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# The Golden Ticket: P, Np, and the Search for the Impossible

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**The computer science problem whose solution could transform life as we know it**

The P-NP problem is the most important open problem in computer science, if not all of mathematics. Simply stated, it asks whether every problem whose solution can be quickly checked by computer can also be quickly solved by computer.

*The Golden Ticket*provides a nontechnical introduction to P-NP ...more

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Hardcover, 176 pages

Published
March 31st 2013
by Princeton University Press
(first published January 1st 2013)

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The bad news is that frustratingly he doesn’t actually tell you what P and NP mean for a long time, just gives rather sideways definitions of the problem along the lines of ‘P ...more

The author does a great job of describing classic computational problems, and how these matter to the real world. He succeeds in explaining computational complexity in a highly accessible and engaging manner. He has taken an extremely abstract subject and given it a relevant and practical context.

I just wish I could travel back in ...more

The P versus NP problem has been around for a few decades and is important enough to be contained in the Millenium Prize Problems conceived at the start of the 21st century. It continues to fascinate and excite many researchers in the academic community.

The book is a fascinating account o ...more

The chapters on cryptography, while interesting, seem to be really out of place.

A nice introduction to p-np, np-completeness, cryptography & even quantum computing.
...more

I still don't really get it though

Fortnow doesn't even give a rigorous definition of the problem - which is fine, because a rough one is good enough for the purposes of the book. Plus, you halve your audience with every mathematical formula included in a book. (Source: apocryphal; I read it once somewhere, attributed to some publisher or other.)

I came in with a basic understanding of the problem. I don't think I came to any new insights. An ...more

The set of solvable equations is called P. The set of checkable equations is called NP. An ...more

Added: 2013-05-22

I finished this book last night. The book has some interesting discussion of different NP problems. And some brief naming of key figures in developing the field. However, the book was really short and yet there is still lots of it that had no place.

There is a big discussion of Quantum Computing at the end. QC is interesting and all. But, the discussion starts by saying we already know that QC won't be able to do NP- ...more

I did not like the frequent use of made up scenarios to illustrate what the author was attempting to explain. I would have preferred examples of actual situations to illustrate how the P/NP pr ...more

P = NP? is the shorthand for an outstanding research question in Computer Science. It is a question about what problems are inherently hard to compute.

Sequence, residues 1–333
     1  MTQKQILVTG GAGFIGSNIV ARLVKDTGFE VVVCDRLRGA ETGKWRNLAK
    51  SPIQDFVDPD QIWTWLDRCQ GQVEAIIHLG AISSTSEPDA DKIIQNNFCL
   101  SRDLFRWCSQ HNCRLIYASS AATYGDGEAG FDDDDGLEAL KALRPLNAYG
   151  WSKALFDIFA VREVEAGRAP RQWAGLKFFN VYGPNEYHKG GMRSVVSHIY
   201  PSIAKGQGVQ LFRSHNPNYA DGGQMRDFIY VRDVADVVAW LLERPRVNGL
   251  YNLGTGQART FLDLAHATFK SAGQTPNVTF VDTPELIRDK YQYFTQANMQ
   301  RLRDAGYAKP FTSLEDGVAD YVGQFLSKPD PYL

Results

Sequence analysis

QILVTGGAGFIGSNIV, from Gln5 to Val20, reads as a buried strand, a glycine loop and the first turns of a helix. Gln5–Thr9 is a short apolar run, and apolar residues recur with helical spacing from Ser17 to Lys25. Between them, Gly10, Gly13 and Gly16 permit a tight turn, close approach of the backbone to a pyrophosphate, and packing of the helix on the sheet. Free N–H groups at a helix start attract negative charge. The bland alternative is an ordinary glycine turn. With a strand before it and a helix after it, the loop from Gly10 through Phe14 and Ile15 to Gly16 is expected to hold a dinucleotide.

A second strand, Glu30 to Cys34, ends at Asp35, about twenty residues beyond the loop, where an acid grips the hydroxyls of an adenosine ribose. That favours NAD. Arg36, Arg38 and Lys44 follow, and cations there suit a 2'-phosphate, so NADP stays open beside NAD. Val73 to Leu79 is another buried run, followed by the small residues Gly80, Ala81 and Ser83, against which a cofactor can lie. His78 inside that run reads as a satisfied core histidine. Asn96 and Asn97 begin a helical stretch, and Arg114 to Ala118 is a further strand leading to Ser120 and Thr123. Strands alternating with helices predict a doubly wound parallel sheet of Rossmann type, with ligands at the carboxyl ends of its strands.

It turns out that on the hook of P=NP? there hangs a number of great stories and anecdotes, some current and some going back to the foundation ...more

Being a CS student, i feel that defining P and NP (the way the author does later, easily solvable and easily verifiable) in first few chapters would have been a better idea. A naive reader might feel a bit irrita ...more

I kept waiting for the part where he would discuss complexity theory so that I could come away from the book knowing a little about it. No such luck, however. The concepts are discussed at an extremely abstracted level. The problems the author did discuss did not ...more

I think NP problems are evolutionary, much like any other stream of science. The degree of difficulty in overcoming a problem has always been limited by our wisdom and the tools at our disposal. When we can not solve a problem, we attribute it to Gods, demons and the flying spaghetti monster. Our ancestors saw the sun, it blinded their eyes, an ...more

It describes a world what would happen if someone would prove that P=NP. Consequences: there are no more hard problems in the world, everything is easy, from predicting the weather accurately to healing cancer.

**This is utterly wrong!**And for many reasons.

Worst of all, the “Golden ticket” problem from “Charlie and the Chocolate Factory” is given as an example of an NP problem, which is wrong, it is P. ...more

But the chapter on the world P = NP seems far fetched from where I stand.

P.S. -- Lance Fortnow is accomplished researcher in this field and one of the very few people who can talk with authority with P = NP. So my remarks 'N = NP being far fetched' might very well be wro ...more

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“Suppose whatever we can recognize we can find. We can if P=NP.”
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“Diffie and Hellman suggested such a system, but their protocol is not as commonly used as a scheme discovered by three computer scientists, Ronald Rivest, Adi Shamir, and Leonard Adleman, in 1978 and named “RSA” after them.”
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